Robert Goldstein, president and chief operating officer of U.S.-based casino operator Las Vegas Sands Corp, says Singapore is currently “underserved”, and that the expansion of the existing properties in the city-state will allow the market to capture a growing premium segment in Asia.
Mr Goldstein (pictured) said the enlargement of the firm’s property in Singapore – Marina Bay Sands – would target a premium-mass segment that “is similar to that of Macau”.
“We’re looking at [customers from] the entire region. We’re looking at premium mass in Asia, I think this product will be for a very high-end tourist and highly-sophisticated gamblers,” stated the executive. He was speaking on Wednesday in New York during an investment-sector event, “Bernstein’s 35th Annual Strategic Decisions Conference”.
Singapore currently operates a duopoly casino market shared between the Marina Bay Sands resort; and the Resorts World Sentosa casino complex operated by Genting Singapore Ltd.
The Singapore government said in early April that it had agreed to the expansion of the city’s two integrated casino resorts; and in return for their aggregate investment – SGD9 billion (US$6.6 billion) – the respective operators will continue to hold a duopoly on casino resorts in the country through to the year 2030.
As part of the agreement with the Singaporean government, Marina Bay Sands will build a fourth tower adjacent to its existing complex. The project also includes a 15,000-seat arena and a new all-suite hotel with approximately 1,000 rooms, topped with what the firm calls the Sands SkyPark; an observation deck including restaurant facilities and a swimming pool.
The group’s commitment in Singapore was “to create the same kind of lifestyle approach we did in Macau and give it [Singapore]… great entertainment, a world-class arena, and large-scale suites that will attract that premium mass segment from China, Japan, [South] Korea,” said Mr Goldstein.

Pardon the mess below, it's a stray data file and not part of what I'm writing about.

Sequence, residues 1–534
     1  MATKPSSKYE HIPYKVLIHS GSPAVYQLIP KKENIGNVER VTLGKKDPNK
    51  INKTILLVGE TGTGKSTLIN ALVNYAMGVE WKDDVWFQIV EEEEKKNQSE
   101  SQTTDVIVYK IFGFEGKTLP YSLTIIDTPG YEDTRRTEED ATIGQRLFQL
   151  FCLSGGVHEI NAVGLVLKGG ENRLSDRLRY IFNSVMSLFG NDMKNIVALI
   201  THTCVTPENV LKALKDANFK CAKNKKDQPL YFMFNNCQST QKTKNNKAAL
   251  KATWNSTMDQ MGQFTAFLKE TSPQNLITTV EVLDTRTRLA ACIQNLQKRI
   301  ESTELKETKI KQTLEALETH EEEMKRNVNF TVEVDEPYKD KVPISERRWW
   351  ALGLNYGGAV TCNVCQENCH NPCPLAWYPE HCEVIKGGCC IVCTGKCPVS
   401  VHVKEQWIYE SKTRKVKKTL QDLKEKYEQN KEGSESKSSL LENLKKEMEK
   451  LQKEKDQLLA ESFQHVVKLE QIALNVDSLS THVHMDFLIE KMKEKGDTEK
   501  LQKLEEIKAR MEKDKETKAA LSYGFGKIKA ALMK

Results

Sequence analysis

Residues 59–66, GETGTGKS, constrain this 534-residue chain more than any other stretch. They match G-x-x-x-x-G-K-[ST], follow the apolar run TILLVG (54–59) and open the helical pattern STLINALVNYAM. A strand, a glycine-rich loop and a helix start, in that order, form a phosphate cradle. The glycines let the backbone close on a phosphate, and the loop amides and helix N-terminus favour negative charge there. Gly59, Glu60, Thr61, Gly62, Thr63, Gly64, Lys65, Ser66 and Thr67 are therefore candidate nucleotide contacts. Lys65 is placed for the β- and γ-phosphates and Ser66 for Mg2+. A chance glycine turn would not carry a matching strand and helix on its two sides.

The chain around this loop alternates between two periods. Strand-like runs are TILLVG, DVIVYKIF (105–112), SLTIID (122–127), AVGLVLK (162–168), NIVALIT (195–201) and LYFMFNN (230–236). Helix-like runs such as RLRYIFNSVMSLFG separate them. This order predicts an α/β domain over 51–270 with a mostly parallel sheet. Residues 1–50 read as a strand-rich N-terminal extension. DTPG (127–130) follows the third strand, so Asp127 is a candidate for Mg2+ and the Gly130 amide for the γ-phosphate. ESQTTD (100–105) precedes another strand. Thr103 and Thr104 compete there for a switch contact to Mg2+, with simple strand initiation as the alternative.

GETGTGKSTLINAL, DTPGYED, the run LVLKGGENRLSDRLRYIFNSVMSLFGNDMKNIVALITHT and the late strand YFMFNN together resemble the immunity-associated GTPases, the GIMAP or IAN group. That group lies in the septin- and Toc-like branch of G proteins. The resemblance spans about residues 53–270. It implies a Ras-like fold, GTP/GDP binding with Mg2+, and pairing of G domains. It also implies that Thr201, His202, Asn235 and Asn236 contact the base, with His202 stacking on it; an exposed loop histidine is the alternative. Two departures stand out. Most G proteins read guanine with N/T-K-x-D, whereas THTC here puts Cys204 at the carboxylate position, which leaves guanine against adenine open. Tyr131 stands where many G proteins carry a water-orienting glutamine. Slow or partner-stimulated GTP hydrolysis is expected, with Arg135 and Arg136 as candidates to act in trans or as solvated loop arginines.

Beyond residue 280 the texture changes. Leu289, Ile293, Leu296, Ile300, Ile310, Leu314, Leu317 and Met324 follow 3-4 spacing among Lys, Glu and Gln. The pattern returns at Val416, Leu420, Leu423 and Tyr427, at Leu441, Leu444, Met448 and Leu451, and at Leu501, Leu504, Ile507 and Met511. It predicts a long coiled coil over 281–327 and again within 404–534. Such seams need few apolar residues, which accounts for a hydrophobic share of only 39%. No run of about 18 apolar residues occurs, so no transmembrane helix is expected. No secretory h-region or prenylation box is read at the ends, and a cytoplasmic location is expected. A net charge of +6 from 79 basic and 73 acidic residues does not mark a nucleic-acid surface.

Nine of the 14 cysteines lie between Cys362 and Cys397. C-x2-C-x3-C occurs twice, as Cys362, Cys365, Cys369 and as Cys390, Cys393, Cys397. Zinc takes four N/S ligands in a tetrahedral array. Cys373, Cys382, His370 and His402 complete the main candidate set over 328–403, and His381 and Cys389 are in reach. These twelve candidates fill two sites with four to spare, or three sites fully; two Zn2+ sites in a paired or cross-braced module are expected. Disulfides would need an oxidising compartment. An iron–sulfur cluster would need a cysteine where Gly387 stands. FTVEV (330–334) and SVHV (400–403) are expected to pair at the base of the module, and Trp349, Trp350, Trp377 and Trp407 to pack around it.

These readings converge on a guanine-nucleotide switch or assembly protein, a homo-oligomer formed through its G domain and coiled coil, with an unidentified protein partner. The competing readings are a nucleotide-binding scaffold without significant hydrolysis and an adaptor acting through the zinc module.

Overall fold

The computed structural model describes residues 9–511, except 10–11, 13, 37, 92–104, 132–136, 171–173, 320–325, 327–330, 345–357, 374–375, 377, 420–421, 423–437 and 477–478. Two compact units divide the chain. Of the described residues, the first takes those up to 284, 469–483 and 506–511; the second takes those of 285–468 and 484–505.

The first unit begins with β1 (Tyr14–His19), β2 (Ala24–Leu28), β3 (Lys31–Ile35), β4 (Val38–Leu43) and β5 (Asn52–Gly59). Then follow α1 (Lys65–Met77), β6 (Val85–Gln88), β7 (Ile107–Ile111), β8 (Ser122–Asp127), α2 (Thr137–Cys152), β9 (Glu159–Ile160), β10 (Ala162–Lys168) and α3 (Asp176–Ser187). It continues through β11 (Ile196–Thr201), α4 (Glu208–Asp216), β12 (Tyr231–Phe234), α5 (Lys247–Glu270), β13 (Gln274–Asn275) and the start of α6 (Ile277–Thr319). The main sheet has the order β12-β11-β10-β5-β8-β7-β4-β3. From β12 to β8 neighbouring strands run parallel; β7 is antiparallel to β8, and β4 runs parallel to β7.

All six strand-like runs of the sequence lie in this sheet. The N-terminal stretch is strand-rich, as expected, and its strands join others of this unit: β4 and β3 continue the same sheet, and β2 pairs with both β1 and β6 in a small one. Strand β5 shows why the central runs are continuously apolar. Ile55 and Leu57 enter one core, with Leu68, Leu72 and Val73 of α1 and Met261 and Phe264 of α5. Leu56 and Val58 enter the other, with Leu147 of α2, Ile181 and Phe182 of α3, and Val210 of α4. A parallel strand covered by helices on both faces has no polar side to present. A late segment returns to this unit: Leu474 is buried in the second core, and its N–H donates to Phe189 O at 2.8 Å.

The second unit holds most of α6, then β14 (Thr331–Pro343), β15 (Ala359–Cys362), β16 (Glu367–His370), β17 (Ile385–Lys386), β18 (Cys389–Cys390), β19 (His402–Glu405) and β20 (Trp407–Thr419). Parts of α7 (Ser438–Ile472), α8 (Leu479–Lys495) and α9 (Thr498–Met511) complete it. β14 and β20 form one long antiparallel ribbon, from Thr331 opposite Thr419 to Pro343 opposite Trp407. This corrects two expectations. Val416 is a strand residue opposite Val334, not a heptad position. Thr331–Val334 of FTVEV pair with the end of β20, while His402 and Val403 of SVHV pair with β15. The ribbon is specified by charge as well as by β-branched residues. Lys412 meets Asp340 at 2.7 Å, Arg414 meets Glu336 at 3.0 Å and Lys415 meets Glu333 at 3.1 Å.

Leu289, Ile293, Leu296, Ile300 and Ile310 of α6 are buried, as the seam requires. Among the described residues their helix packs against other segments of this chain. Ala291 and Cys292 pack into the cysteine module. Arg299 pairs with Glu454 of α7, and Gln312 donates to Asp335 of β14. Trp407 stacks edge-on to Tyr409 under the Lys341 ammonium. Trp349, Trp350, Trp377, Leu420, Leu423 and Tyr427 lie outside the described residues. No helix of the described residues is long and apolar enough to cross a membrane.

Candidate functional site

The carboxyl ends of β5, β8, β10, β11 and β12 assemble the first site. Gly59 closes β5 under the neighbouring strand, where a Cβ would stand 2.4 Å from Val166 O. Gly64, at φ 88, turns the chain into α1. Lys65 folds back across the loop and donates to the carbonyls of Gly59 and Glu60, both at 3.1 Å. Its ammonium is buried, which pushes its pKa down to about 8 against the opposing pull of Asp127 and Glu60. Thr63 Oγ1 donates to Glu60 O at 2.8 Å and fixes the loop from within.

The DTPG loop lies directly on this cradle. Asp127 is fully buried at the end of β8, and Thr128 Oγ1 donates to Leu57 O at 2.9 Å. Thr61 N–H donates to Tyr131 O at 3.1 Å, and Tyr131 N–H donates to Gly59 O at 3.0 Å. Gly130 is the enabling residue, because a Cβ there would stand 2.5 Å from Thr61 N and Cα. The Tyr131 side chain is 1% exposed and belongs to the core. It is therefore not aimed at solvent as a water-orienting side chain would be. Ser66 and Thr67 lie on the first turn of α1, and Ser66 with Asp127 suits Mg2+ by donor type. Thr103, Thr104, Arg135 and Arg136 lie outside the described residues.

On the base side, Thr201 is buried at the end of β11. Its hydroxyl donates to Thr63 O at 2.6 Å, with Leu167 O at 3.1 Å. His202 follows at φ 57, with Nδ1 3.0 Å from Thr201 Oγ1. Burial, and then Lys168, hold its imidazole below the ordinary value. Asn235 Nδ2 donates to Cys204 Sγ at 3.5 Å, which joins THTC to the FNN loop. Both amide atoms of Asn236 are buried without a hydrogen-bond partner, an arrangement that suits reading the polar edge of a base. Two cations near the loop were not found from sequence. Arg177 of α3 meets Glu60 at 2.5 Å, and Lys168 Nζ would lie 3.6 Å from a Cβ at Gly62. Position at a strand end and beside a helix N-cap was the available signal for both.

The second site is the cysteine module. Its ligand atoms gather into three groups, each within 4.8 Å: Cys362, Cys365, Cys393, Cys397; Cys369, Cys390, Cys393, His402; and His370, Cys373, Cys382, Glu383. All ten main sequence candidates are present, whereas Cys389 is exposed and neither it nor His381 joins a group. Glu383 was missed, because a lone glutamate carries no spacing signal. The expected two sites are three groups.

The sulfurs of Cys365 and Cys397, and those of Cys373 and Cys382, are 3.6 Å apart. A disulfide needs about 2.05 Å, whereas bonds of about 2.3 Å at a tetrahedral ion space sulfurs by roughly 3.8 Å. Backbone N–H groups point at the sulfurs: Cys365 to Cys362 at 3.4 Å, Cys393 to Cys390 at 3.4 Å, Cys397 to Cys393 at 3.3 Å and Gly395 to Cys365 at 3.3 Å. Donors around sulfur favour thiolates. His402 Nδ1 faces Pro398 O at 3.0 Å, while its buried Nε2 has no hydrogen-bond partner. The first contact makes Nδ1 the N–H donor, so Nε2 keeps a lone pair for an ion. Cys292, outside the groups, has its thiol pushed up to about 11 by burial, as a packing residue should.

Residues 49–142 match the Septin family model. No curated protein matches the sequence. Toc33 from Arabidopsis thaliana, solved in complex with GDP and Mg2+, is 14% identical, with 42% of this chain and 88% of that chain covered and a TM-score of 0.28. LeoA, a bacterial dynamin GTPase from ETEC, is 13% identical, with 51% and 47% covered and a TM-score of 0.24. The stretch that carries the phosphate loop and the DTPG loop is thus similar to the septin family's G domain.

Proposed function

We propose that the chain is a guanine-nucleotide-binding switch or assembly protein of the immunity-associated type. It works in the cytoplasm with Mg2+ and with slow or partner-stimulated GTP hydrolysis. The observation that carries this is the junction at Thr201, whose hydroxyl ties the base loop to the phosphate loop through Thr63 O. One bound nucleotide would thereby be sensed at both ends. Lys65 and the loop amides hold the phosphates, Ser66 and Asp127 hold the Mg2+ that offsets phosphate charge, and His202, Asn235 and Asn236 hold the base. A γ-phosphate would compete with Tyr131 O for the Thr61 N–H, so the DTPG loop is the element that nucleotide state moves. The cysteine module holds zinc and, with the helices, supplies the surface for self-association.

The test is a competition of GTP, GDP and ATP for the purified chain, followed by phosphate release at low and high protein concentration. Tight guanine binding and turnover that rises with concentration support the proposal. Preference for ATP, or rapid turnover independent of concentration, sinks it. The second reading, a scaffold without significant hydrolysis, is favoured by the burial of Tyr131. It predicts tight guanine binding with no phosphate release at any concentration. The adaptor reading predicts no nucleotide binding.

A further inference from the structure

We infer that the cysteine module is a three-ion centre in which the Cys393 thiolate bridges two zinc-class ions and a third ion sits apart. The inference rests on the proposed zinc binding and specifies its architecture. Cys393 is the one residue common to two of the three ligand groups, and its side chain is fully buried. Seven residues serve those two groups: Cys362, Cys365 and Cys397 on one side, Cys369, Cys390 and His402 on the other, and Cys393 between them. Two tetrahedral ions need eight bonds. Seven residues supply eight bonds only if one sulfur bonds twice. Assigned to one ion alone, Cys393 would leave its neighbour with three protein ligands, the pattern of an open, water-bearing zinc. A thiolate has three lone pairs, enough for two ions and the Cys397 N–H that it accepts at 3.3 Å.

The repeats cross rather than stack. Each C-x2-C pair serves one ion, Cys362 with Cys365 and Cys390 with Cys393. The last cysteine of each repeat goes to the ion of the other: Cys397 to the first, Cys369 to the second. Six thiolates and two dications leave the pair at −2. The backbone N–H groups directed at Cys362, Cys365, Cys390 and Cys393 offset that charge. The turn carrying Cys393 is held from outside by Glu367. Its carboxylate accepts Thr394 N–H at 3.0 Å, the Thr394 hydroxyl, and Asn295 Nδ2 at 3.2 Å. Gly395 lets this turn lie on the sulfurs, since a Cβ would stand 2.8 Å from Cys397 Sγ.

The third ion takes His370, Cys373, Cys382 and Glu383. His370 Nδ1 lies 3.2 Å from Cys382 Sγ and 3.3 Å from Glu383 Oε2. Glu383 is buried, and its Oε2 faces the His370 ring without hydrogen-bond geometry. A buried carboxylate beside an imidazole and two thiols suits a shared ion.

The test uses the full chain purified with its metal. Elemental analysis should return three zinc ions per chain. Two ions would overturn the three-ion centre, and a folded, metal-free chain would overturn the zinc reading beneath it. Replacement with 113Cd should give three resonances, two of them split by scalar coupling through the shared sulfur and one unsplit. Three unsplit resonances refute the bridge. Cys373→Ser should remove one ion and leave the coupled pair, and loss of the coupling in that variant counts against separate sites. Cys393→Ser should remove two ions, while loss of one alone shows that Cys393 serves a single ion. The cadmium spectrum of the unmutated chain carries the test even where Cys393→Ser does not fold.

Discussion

The executive said he expected Singapore’s growth to “mimic” that of the Macau market and to be able to “compete with Macau”. He didn’t define how growth should be measured. But he added: “I think all of these [offerings] will drive lots of traffic into Singapore.”
Mr Goldstein said additionally that Las Vegas Sands was targeting a 20-percent-plus return on total invested capital in its Singapore expansion, although didn’t clarify if that was on a per annum basis.
The changes to Singapore’s legal casino framework also included an increase to casino entry levies for locals, effective from last month. Mr Goldstein said the increase had a “small impact thus far on visitation” to Marina Bay Sands. “That always happens wherever you do something different in the market … But I’m not concerned long term about the impact of the levy,” he added.
The revision to the gaming framework included also the introduction of a tiered casino tax structure with higher tax rates than currently in place. The changes to the tax structure were “very fairly worked out”, said the Las Vegas Sands executive.
“I think we negotiated a very fine deal, that enables us to grow, contributes to Singapore … and gave us the duopoly until 2030,” he stated.
Commenting on Mr Goldstein’s remarks, brokerage Sanford C. Bernstein Ltd in Hong Kong noted that the “overarching theme of the discussion” was that Las Vegas Sands wants to focus on large-scale investments, particularly in Asia.
“Despite of all the capex spending coming up in Macau and Singapore over the next few years, Las Vegas Sands doesn’t see any change in continuing to return capital to shareholders,” said analysts Vitaly Umansky, Kelsey Zhu and Eunice Lee in a note on Wednesday.
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